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8 - The Transformation of Political Parties

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Summary

Introduction

For more than 120 years, political parties have dominated politics in democratic countries. In public debate, however, they have often come in for criticism in recent decades. They are old-fashioned and non-representative, and have a whiff of nepotism about them. It is not for nothing that citizens say they believe political parties are among the most discredited institutions in modern democracy. This observation is certainly not new. Political thinkers such as the Florentine Machiavelli (1469-1527), the French aristocrat Montesquieu (1689-1755) and the American James Madison (1751-1836) warned of the dangers posed by the emergence of factions. These factions were later referred to as political parties. The Irish-English politician Edmund Burke (1729-1797), defined a political party as a group of men who stand for election to promote the public interest based on a shared principle. Later, the Austrian economist Joseph Schumpeter (1883-1950) formulated an alternative definition: political parties are groups of men who stand for office in order to acquire political power. We will return later to this distinction between engaging in politics for the sake of principles (policy-seeking) and engaging in it for the sake of power (office-seeking). These definitions of political parties assume a motive to engage in politics. We can also give a minimum definition of political parties: ‘a political group, identified by a label, which competes in elections and puts candidates forward for public office’. (Sartori 1976: 63)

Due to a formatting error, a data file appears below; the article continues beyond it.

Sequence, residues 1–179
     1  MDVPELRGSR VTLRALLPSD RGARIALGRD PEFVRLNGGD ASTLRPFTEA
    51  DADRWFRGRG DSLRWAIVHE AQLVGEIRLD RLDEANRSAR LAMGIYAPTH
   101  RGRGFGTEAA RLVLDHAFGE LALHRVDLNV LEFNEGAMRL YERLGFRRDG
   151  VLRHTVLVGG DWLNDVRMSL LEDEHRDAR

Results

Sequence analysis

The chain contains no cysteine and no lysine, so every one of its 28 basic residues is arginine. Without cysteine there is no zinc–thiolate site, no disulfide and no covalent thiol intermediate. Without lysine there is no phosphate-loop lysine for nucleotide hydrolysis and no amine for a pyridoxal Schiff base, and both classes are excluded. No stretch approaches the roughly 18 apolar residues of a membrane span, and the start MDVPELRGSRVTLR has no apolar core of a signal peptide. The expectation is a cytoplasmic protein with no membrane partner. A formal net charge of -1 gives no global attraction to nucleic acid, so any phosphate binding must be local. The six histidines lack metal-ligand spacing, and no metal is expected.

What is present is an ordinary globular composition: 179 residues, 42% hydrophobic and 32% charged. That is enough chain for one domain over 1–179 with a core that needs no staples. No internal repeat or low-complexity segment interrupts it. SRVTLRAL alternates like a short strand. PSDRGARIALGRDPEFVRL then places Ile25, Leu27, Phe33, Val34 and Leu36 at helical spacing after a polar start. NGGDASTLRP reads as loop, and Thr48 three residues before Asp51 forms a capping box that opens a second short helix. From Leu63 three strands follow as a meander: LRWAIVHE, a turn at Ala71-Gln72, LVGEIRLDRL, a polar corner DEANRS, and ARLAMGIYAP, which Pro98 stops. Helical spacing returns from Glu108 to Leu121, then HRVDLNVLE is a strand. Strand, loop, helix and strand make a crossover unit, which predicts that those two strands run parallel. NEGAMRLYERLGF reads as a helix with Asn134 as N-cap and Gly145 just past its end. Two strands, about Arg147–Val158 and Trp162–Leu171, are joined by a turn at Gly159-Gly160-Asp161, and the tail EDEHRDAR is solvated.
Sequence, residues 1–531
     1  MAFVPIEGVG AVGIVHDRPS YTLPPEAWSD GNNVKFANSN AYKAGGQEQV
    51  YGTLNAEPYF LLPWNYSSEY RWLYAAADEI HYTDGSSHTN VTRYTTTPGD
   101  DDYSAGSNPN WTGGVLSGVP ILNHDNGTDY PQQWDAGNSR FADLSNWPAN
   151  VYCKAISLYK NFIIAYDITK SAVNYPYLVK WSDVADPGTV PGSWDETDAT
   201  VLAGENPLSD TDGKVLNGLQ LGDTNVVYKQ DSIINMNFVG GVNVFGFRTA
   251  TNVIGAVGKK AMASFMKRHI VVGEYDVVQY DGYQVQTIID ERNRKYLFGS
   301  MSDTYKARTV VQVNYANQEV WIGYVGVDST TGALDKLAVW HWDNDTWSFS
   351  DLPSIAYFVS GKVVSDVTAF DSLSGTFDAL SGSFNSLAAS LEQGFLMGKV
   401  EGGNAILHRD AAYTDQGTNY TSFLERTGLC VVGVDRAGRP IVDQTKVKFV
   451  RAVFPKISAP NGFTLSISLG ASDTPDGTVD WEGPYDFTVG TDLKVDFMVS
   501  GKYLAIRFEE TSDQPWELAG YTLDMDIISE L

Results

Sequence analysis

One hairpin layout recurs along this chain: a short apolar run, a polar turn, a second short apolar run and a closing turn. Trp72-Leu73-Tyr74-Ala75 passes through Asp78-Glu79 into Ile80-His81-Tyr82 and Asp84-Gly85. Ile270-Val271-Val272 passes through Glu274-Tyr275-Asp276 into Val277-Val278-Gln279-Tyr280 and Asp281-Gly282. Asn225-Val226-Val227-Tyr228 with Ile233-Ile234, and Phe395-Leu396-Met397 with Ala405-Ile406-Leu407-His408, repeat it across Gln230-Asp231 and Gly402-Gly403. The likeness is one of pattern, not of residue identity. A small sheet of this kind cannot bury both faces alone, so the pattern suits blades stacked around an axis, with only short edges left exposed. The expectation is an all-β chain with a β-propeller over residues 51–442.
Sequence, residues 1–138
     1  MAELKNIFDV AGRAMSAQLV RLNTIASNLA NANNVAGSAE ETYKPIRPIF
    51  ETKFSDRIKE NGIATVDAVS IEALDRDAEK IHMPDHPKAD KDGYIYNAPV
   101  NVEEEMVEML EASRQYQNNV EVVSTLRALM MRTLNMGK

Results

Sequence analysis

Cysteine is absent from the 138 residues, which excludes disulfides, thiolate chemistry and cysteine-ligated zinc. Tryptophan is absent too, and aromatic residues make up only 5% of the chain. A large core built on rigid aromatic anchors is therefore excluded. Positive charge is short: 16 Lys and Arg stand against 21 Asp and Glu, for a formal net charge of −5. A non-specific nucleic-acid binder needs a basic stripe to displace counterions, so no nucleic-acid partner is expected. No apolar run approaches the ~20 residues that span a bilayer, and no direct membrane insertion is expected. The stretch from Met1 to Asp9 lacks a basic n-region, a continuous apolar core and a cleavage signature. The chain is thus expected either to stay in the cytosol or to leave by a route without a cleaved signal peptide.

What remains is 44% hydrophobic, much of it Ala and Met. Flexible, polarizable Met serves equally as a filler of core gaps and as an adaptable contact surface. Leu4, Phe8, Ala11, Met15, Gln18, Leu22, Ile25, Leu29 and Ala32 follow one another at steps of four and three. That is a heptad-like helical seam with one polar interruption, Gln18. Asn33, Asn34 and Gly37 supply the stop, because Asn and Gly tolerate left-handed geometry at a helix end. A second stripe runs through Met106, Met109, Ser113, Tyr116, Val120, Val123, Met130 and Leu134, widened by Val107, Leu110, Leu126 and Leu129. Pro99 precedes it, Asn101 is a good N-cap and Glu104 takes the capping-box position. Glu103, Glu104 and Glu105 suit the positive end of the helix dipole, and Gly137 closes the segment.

Political parties have been so fully anchored in modern democracy that we also refer to the current system as party democracy. Political parties are the linchpin of this system, and they are supposed to perform a number of functions. This chapter considers the various criticisms of political parties in relation to the functions they are supposed to fulfil in a democratic system. The broader question is: Do parties still succeed in carrying out their functions? Finally, we will look at whether the various experiments with party organisations can fix existing problems.

The functions of political parties

The functions of political parties in democratic systems can be grouped into three broad categories (see table 1):

1 They recruit, train and select people to be politically active. Parties scout for political talent and offer opportunities to become politically active (recruitment).

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Publisher: Amsterdam University Press
Print publication year: 2017

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